Similarly, if the speaker is criticizing a political adversary for bad behavior (that did take place) but the speaker didn’t care when his/her own political side committed the same behavior in the past, then it seems relevant to call the speaker a hypocrite. Or perhaps the speaker is defending his/her current party leader for a bad behavior that the speaker criticized in a political opponent years before. Calling this speaker a hypocrite does not change the reality that the bad behavior took place twice (before and now). But it seems fair to raise the point that, in the context of public relations or public discourse, the public criticism or defense of a wrongdoer may be occurring because of political loyalties and not really facts or principles.

In Science

It’s not just a political thing to attack someone’s character or dispositions to try to persuade an audience or win an argument. Unfortunately, and ironically, it can happen in scientific debates as well, though probably much less often.

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For example, consider research on media violence. Although watching violence in TV and movies and playing violent video games increase aggression for the average young participant (not necessarily every young participant and not necessarily to great degree), there are still a few academic holdouts who try to debate the issue. Although this minority of researchers try to provide data to support their arguments, they also sometimes accuse the majority of “being driven by ideological values, dogma, or a moral crusade rather than by data” (Stalder, 2018).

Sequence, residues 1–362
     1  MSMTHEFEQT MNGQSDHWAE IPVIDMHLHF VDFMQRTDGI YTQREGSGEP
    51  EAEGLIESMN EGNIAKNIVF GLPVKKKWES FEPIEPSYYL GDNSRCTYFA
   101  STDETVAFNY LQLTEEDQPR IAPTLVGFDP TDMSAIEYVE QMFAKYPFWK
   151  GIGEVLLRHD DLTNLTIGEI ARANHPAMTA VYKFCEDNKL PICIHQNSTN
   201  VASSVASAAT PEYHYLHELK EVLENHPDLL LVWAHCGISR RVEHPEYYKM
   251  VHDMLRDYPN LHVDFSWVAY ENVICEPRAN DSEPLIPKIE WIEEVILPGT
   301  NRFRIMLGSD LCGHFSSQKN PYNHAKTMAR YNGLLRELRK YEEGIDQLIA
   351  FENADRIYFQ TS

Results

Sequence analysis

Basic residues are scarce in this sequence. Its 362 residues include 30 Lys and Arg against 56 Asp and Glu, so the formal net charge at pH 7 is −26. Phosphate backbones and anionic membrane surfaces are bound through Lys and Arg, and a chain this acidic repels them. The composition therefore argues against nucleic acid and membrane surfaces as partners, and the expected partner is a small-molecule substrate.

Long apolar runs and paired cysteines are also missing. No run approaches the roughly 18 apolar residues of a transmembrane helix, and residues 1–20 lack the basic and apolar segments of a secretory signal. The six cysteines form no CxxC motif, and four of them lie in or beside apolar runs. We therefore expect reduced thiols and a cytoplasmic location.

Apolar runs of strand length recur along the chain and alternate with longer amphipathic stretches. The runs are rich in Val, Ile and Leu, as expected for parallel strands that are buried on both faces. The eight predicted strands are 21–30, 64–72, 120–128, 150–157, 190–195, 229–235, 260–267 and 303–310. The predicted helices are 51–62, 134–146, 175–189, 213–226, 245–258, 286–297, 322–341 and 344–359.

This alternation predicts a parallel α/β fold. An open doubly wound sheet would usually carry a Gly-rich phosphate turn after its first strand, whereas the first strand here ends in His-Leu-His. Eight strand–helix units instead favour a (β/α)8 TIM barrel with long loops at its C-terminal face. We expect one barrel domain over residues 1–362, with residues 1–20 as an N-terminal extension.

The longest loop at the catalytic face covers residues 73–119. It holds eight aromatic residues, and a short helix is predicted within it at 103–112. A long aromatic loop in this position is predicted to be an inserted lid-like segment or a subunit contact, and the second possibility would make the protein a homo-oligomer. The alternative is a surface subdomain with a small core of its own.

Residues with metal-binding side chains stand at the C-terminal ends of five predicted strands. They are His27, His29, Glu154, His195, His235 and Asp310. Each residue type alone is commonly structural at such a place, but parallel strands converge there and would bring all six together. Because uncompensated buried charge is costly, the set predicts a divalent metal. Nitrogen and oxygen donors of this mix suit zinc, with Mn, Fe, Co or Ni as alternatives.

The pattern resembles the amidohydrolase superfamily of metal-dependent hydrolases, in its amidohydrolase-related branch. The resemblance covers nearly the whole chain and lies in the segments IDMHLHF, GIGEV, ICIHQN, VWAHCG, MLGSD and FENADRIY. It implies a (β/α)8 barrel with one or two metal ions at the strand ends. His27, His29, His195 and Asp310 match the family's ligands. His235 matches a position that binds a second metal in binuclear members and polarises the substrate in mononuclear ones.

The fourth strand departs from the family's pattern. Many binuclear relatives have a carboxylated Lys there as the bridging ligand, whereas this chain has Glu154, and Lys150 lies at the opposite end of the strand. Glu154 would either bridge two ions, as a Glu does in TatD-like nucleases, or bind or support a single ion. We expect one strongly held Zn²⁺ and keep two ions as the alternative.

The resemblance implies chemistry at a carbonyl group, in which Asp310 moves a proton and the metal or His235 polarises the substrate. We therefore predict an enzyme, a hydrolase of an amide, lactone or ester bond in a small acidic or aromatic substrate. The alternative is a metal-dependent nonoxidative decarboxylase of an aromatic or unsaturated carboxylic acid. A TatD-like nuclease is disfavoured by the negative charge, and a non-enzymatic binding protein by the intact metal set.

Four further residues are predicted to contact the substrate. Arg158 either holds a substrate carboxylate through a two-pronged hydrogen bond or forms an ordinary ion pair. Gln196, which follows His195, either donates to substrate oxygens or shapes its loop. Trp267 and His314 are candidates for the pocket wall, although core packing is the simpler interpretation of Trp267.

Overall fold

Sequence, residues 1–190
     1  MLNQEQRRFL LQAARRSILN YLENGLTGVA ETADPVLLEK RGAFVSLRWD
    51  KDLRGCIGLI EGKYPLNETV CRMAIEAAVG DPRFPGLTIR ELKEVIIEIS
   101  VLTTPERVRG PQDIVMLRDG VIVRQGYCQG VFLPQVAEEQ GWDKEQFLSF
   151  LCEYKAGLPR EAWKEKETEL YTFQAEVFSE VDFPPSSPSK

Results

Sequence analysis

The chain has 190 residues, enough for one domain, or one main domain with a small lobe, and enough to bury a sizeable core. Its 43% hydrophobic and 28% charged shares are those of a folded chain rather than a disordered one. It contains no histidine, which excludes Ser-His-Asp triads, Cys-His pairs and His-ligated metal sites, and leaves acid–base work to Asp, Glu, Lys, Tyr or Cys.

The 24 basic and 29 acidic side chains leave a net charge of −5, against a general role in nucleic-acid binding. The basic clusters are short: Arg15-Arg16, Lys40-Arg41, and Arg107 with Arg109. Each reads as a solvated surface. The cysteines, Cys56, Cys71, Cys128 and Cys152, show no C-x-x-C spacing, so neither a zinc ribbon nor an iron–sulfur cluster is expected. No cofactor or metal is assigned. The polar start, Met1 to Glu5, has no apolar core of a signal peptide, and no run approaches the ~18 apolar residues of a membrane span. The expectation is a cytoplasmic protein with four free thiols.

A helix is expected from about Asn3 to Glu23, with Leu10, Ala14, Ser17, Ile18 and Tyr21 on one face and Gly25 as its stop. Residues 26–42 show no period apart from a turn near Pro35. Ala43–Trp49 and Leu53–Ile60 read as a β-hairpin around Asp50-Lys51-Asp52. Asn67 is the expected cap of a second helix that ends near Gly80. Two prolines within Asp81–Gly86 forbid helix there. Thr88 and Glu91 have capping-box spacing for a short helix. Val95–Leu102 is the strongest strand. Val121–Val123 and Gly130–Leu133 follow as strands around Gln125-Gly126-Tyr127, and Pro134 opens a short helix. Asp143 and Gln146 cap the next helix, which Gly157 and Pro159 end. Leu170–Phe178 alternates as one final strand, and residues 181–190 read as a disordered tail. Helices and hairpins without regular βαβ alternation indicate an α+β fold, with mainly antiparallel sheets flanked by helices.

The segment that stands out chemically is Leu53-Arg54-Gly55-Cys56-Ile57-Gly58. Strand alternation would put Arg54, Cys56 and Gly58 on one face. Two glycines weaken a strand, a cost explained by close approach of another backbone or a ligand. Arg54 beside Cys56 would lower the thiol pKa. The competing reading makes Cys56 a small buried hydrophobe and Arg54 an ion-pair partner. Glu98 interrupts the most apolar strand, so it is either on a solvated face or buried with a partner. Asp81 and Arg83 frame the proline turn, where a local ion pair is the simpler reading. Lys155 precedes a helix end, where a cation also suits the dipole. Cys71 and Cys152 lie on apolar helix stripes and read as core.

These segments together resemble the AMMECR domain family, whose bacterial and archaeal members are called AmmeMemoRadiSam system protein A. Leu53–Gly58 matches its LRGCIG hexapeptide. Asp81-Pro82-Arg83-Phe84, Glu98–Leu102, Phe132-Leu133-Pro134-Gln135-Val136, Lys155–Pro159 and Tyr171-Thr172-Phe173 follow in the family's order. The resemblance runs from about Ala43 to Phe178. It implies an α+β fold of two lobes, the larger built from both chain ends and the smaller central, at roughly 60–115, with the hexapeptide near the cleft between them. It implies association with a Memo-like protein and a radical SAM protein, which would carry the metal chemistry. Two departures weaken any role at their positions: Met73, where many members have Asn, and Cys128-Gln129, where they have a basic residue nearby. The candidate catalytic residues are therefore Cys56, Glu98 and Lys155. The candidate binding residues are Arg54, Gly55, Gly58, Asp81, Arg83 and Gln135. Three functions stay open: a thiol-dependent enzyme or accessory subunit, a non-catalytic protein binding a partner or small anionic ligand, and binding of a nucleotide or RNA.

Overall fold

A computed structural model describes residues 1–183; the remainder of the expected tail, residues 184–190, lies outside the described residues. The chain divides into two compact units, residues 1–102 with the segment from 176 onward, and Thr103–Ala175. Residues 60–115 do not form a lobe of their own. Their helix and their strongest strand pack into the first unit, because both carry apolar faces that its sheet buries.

This issue of the majority’s values, even if there were researchers in the majority who did hold such values, is beside the point when there are literally hundreds of studies that support the causal link between media violence and human aggression (not that all aggression is caused by media violence).

Some scientists have been sliding into personal-attack territory amidst some failed attempts to replicate big results. In one highly publicized case, Simone Schnall found an interesting result which Brent Donnellan and his students failed to replicate. Donnellan used arguably mocking language to criticize Schnall, in response to which Daniel Gilbert called Donnellan and team “shameless little bullies” and “second stringers” (Bartlett, 2014). To Donnellan’s credit, he later apologized for some of his word choices. I’m not sure if Gilbert ever did.

Unlike most high-profile political examples, these science examples are not as straightforward in illustrating the ad hominem fallacy because these insults were accompanied by some engagement with facts and research methods (not that such engagement justified the insulting parts).

In Sum

If you like that speakers on your political side are good at name-calling, that is of course your call to make. If you find Stephen Colbert diverting, sure, diversions can be fun and necessary. If you are driven to defend someone and a verbal insult leaks out of you along the way, most of us would understand. But if you want to minimize biases or maximize learning facts or have a better chance at reducing political divisiveness, then keep your eye out for fallacies in both your own thinking and even in leaders whom you generally trust.


Tom Bartlett, “Replication Crisis in Psychology Research Turns Ugly and Odd,” Chronicle of Higher Education, June 23, 2014,

Madison Dibble, “NPR Reporter Claims There Is a ‘Chain of Emails’ Confirming Pompeo Knew Interview Would Touch on Ukraine,” Washington Examiner, January 26, 2020,

Cydney Henderson, “Stephen Colbert Rips Eric Trump - and His Appearance - in Scathing 'Late Show' Monologue,” USA Today, July 18, 2019,

Katie Reilly, “Read Hillary Clinton's 'Basket of Deplorables' Remarks About Donald Trump Supporters,” Time, September 10, 2016,

Daniel R. Stalder, The Power of Context: How to Manage Our Bias and Improve Our Understanding of Others (Amherst, NY: Prometheus Books, 2018).